New Braunfels Herald Zeitung Newspaper Archives

- Page 1

Issue Date:
Pages Available: 56

About New Braunfels Herald Zeitung

  • Publication Name: New Braunfels Herald Zeitung
  • Location: New Braunfels, Texas
  • Pages Available: 250,382
  • Years Available: 1952 - 2013
Learn More About This Publication


  • 2.17+ Billion Articles and Growing Everyday!
  • More Than 400 Years of Papers. From 1607 to Today!
  • Articles Covering 50 U.S.States + 22 Other Countries
  • Powerful, Time Saving Search Features!
Find Your Ancestors Now

View Sample Pages : New Braunfels Herald Zeitung, August 06, 1982

Get Access to These Newspapers Plus 2.17+ Billion Other Articles

OCR Text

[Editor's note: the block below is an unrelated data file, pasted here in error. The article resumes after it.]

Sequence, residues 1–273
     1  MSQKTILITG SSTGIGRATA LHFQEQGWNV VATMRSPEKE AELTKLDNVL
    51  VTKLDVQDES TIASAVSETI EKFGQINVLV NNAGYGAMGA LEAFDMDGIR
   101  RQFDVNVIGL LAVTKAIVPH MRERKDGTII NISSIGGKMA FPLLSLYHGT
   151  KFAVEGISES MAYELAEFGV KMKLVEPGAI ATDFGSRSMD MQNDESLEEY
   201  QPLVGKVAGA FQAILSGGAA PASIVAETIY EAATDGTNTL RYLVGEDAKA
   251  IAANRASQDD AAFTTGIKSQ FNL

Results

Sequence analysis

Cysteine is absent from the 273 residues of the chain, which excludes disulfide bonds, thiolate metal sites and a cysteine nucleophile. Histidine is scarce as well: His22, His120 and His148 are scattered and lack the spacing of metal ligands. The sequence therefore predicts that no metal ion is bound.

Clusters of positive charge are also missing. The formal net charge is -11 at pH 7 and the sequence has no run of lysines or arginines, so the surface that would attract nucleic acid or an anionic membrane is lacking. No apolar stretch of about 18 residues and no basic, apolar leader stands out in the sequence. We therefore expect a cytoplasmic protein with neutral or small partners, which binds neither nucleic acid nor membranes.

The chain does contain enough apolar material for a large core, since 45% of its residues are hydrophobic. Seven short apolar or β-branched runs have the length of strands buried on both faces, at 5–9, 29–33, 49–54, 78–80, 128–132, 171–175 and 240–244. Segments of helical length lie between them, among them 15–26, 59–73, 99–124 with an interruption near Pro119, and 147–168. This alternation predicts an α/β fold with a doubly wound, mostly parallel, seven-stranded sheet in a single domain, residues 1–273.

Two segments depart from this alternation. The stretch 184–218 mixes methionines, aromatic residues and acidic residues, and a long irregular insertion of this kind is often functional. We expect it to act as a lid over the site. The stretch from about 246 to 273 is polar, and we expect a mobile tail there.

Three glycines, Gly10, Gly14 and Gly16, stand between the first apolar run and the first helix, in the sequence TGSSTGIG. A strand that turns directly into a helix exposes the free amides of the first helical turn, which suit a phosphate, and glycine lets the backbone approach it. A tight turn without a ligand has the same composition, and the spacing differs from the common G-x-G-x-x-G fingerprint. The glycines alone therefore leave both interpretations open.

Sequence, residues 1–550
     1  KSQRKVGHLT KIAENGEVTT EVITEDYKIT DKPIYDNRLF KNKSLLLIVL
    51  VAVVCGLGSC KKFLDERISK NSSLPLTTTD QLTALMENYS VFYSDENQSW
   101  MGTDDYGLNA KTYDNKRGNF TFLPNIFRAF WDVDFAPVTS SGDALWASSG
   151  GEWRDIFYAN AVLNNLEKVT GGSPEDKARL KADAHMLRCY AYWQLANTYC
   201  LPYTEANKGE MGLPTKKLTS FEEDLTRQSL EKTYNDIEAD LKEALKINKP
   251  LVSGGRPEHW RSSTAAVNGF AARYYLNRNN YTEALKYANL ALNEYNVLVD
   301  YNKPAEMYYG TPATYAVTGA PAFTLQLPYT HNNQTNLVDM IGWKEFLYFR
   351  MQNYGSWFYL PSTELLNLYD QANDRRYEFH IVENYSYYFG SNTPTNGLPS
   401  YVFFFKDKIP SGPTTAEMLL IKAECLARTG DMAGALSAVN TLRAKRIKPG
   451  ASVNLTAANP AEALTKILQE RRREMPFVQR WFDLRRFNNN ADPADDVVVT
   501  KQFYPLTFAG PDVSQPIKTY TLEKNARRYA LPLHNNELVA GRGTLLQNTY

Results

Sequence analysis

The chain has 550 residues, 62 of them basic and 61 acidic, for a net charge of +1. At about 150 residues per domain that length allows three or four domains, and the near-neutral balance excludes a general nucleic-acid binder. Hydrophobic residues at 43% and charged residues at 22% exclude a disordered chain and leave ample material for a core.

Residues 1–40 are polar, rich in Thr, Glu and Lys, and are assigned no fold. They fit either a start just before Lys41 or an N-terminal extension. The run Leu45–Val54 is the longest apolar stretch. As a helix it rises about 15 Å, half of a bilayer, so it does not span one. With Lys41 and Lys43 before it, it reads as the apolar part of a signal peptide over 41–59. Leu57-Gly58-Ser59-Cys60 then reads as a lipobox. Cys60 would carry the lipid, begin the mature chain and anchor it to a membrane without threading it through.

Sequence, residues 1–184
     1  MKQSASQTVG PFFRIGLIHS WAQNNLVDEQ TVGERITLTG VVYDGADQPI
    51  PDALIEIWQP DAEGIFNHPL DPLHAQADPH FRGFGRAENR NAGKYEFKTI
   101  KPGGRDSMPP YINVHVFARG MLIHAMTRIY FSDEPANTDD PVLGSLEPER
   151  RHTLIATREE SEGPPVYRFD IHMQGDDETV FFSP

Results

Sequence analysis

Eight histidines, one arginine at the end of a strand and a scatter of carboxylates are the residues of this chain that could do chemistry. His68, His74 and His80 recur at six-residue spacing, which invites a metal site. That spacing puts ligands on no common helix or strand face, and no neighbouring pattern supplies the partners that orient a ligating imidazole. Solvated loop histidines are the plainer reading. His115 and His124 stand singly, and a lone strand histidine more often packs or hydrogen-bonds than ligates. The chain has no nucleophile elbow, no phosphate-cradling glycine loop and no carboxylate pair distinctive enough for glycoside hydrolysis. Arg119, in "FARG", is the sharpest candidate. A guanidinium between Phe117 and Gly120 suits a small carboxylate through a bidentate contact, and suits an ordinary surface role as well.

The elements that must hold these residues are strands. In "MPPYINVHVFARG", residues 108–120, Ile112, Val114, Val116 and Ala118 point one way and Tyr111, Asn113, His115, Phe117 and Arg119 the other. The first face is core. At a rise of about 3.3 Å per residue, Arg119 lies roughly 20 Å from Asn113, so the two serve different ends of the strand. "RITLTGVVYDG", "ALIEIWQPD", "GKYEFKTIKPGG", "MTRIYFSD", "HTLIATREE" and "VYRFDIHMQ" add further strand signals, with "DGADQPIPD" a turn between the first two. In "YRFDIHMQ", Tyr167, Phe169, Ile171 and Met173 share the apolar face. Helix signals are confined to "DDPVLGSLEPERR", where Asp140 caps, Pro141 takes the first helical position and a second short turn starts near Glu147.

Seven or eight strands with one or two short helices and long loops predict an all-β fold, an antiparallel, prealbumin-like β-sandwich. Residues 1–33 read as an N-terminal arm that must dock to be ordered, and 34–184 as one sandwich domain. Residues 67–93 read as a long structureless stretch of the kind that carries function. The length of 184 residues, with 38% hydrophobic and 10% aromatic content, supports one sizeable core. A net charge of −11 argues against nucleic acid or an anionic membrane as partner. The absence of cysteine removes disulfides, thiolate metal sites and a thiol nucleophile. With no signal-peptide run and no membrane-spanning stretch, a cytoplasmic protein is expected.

New Braunfels Herald Zeitung (Newspaper) - August 6, 1982, New Braunfels, Texas Da Ila s, Texas# 75 7•flieroplex, Inc. -ct: Witch wombie i .0. dox 45436Dallas, Tex.?5 75?45 Comp, A New UU Braunfels New Braunfels, Texas Vol. 91-No. 154 Zeitung 16 Pages FRIDAY August 6,1982 25 cents (USPS 377-880)Jobless rate jumps to postwar high WASHINGTON (AP) — The nation’s unemployment rate pushed closer to the IO percent level in July, hitting a 9.8 percent rate, the highest in 41 years, the government reported today. The jobless rate had held nearly steady as the recession conttinued through the spring — rising only from 9.4 percent in April to 9.5 percent in May and June. But today’s Labor Department report was filled with newly discouraging figures. In July, the report said, about 10.8 million Americans were officially unemployed — actively looking for jobs but not finding them — about 360,000 more than in June. About 1.5 million more have given up, the government reported last month. July’s jobless rate for adult males, who make up the bulk of the nation’s blue-collar workers, rose to 8.8 percent, a post-World War II record. Unemployment for blacks held steady at 18.5 percent, although the jobless rate for black teen-agers declined slightly to 49.7 percent from June’s 52.6 percent. Unemployment rates rose 0.3 percentage point to 8.7 percent for whites and to 8.4 percent for adult women of all races. The current overall jobless rate is already the highest since the 9.9 percent for all of 1941 at the end of the Great Depression. Unemployment hasn’t been over IO percent since the 14.6 percent of 1940. In advance of today’s report, economists cautioned that unemployment could well climb even higher, despite some encouraging signs that a modest recovery from the recesion is beginning — or is about to begin. Employers, the economists noted, are typically slow to rehire laid-off workers until a recovery is well under way. The number of people who involuntarily accepted parttime work for lack of full-time jobs rose by 48,000 to 5.5 million. The number of such workers rose sharply earlier in the recession, which set in last summer, then declined in May and June before last month’s gain. Total employment held steady at 99.7 million in July, down from the 99.8 million reported for June. Those figures were all adjusted by government economists to discount for normal seasonal variations, such as increases in the labor force that typically occur each summer. The adjustment is aimed at making the figures more useful in analyzing long-term trends in the economy. Before such adjustment, employment rose about 800,000, but department economists said that increase was almost exactly in line with what would normally be expected at this time of year. Without such adjustment, July’s unemployment rate would have been 9.8 percent, the same as the figure for June. The labor force increased more than would usually be the case in July, accounting for the rise in the adjusted rate despite the fact that the unadjusted rate remained constant. On a seasonally adjusted basis, the department’s Bureau of Labor Statistics reported, the labor force in July rose about 330,000 to 110.5 million. The department reported these details of July unemployment rates: —Adult men, 8.8 percent, up from 8.7 percent. —Adult women, 8.4, up from 8.1. —Whites, 8.7 up from 8.4. —Blacks, 18.5, the same as in June. —Hispanics, 13.9, up from 13.5. -Full-time workers, 9.5, up from 9.4. The government reported Thursday that first-time claims for unemployment insurance in late July fell to the lowest level in more than five months. River group seeks water flow input By HENRY KRAUSSE Staff writer Representatives of river and tourism-related businesses, meeting Thursday to start their own organization, said they wanted a greater say in the amount of water released from Canyon Dam. The group discussed ways of influencing the Guadalupe-Bianco River Authority to pay closer attention to the needs of recreational users of the Guadalupe River below the dam. Recreation isn’t mentioned in the dam’s charter and is a low priority for determining river flow. The dam was built for flood control and water conservation, but hotelier Ed Karnes told the assembly, “We’ve got to find some way to get recreation inserted in that list of priorities.” Karnes, owner of Maricopa Lodge Inc., said “millions of man-hours of recreation are going down the drain” because of the GBRA’s “irresponsible manner of handling the water when they had plenty of it.” GBR A general manager John Specht was unavailable for comment Friday. “We think the dam can be effectively used as a conservation lake and still give us water in the summer,” Jane Abbott of Abbott’s River Outfitters said in an interview. The range of “common problems” was so broad — parking on River Road, litter, river flow — that the acting chairman, Joe Sherman, said he felt like “a mosquito at a nudist colony. I don’t know where to begin.” It was a preliminary meeting for a group that doesn’t yet have a name, based loosely on a River Road business association that hasn’t met formally in two years. leaders hope to expand the organization to include New Braunfels as well. A membership committee was formed and officers will be nominated at a meeting at 8 p.m. this Thursday at Holiday Inn here. T-Bar-M Inc. donated its conference room and said the group was welcome to use it in the future, but declined to join, preferring to “remain neutral,” a spokesman said. About 50 persons from at least eight businesses attended, plus several representatives of companies who were there as “observers.’ The meeting focused on the flow of the Guadalupe, a sore spot with river businesses. The water is running at IOO cubic feet per second (cfs) this summer, and that was far too low, the members agreed. “When the water goes down, people are still here, sitting around. They end up drinking a lot more,” Betty Walls, owner of Texas Canoe Trails Inc., said. Walls said tourism tripled in 1979. “We need to work together as a business community and get control of the situation,” she said; otherwise, they could be “overwhelmed by the numbers of people.” A major advantage of having an organization, Karnes said, was to give input to state and federal agencies. Karnes said he has See RIVER, Page 16 UdM*&Ser'0'" Staff photo by Cindy Richardson Elliott Knox and Mrs. H.C McKenna turn the first shovelsful of dirt Ground broken for McKenna expansion By JACQUELINE SMITH Staff writer A three-year dream came true Friday morning for McKenna Memorial Hospital officials. Before a crowd of county and city officials, citizens and businessmen, ground was broken for the three-story expansion of McKenna Memorial. “This has been a long time in the making,” hospital administrator Tom McNeal said in opening the ceremony. “There have been times in the past three and one-half years that we were not sure that we’d be able to do this. “But it’s here today,” he proudly told the crowd gathered on the south lawn of the hospital grounds. Serious planning for the hospital’s expansion began more than two years ago when hospital officials first contacted their architects, Jason Fry? Arcitects Incorp., of Houston. High interest rates delayed their plans, however, until last month when more than $10 million worth of revenue bonds were sold to finance the construction. See McKenna, Page 16 Inside CLASSIFIED.......................10-15 COMICS.............................9 CROSSWORD.........................9 DEAR ABBY.........................16 DEATHS.............................2 ENTERTAINMENT......................8 HOROSCOPE.........................2 OPINIONS............................4 RELIGIOUS FOCUS.....................5 SPORTS.................. 6-7 STOCKS............................16 TV LISTINGS.........................9 WEATHER...........................2 Israeli gunboats resume shelling Funeral home officials remove the body of Marty Brandt ll, killed in a fire ThursdayFire claims four-year-old boy By DEBBIE TURNER Staff writer A four-year-old New Braunfels boy was found dead in the bathtub of a home destroyed by fire Thursday morning on Camp Willow Road. Marty Alan Brandt II, was pronounced death at the scene by Guadalupe County Peace Justice Roy Dreibrodt. The child’s mother, Christine Brandt, and his sister, Trina Machell, managed to escape from the burning duplex. Seguin Fire Marshall John Jandt said the cause of the fire is still under investigation, but added one theory under consideration is the boy was locked in the bathroom, playing with matches. Two New Braunfels Fire Department units, and one Seguin Fire Department By THE ASSOCIATED PRESS Israeli jets and gunboats bombarded west Beirut today after Prime Minister Menachem Begin’s government refused U.S. and U.N. demands to give up new military gains in the Palestinian guerrilla stronghold. The warplanes bombed near the lebanese prime ministry, collapsing two four-story apartment buildings in rapid divebombing sorties that shattered a 30-hour lull in the war. There was no immediate word on casualties. But ambulances rushed victims to the American University hospital from the bombed buildings, which are about 300 yards from Prime Minister Shafik Wazzan’s office. One gunboat salvo struck near the abandoned beachfront Summerland Hotel about a half mile south of west Beirut’s downtown. Guerrillas fired barrages of anti-aircraft fire but they scored no apparent hits. Police said 12,000 people streamed out of west Beirut on foot and in bumper-to-bumper traffic Thursday after Israeli forces opened one exit for eastbound travel, and that the exodus was continuing this morning. But Israel maintained its 12-day-old blockade of food, water and power supplies to the 480,000 civilians believed remaining in west Beirut. Correspondents in Beirut said Israeli tanks had dug in about 1.2 miles north of the Beirut international airport near the Henry Chehab lebanese army barracks in order to tighten a noose around the Palestinian refugee camp of Bourj el-Barajneh, a major PIX) stronghold. But PIX) spokesman Mahmoud I^abadi said Israeli armored forces pulled out of the barracks and rolled back to the golf club ground near the airport. unit responded to the call for help at 10:30 a.m. One side of the duplex (241 Camp Willow Road) was “pretty well involved,” a fire department spokesman said. The other side of the duplex sustained smoke and heat damage. Services for Marty Alan Brandt II are set for IO a.m. Saturday at Zoeller See FIRE, Page 16 Jail staff expansion due The effects of the out-of-court settlement, which requires that a new county jail be ready for occupancy no later than August of 1985, are beginning to surface. In a special meeting Thursday, commissioners began complying with this settlement by authorizing the county auditor to advertise for additional jail employees — including a jail administrator. After conferring with Sheriff Walter Fellers in closed session Thursday, the court agreed to advertise for a jail administrator, two additional jailers and two cooks, (one of which would be a “relief” cook). The salary of the jail personnel will be decided at a later date, Comm. Monroe Wetz said. One commissioner suggested, however, that County Auditor Bate Bond “come back (to the court) with a recommendation or range on the salary scale of these new employees.” In recommending that the court advertise for this personnel, County Judge Max Wom-mack said, “These are part of the requirements that we need to abide by in the judgment.” Commissioners voiced concern, but took no action, on other portions of the settlement which the county will “soon have to abide by,” as one commissioner stated. See JAIL, Page Ii Staff photo by Cindy Richardson ;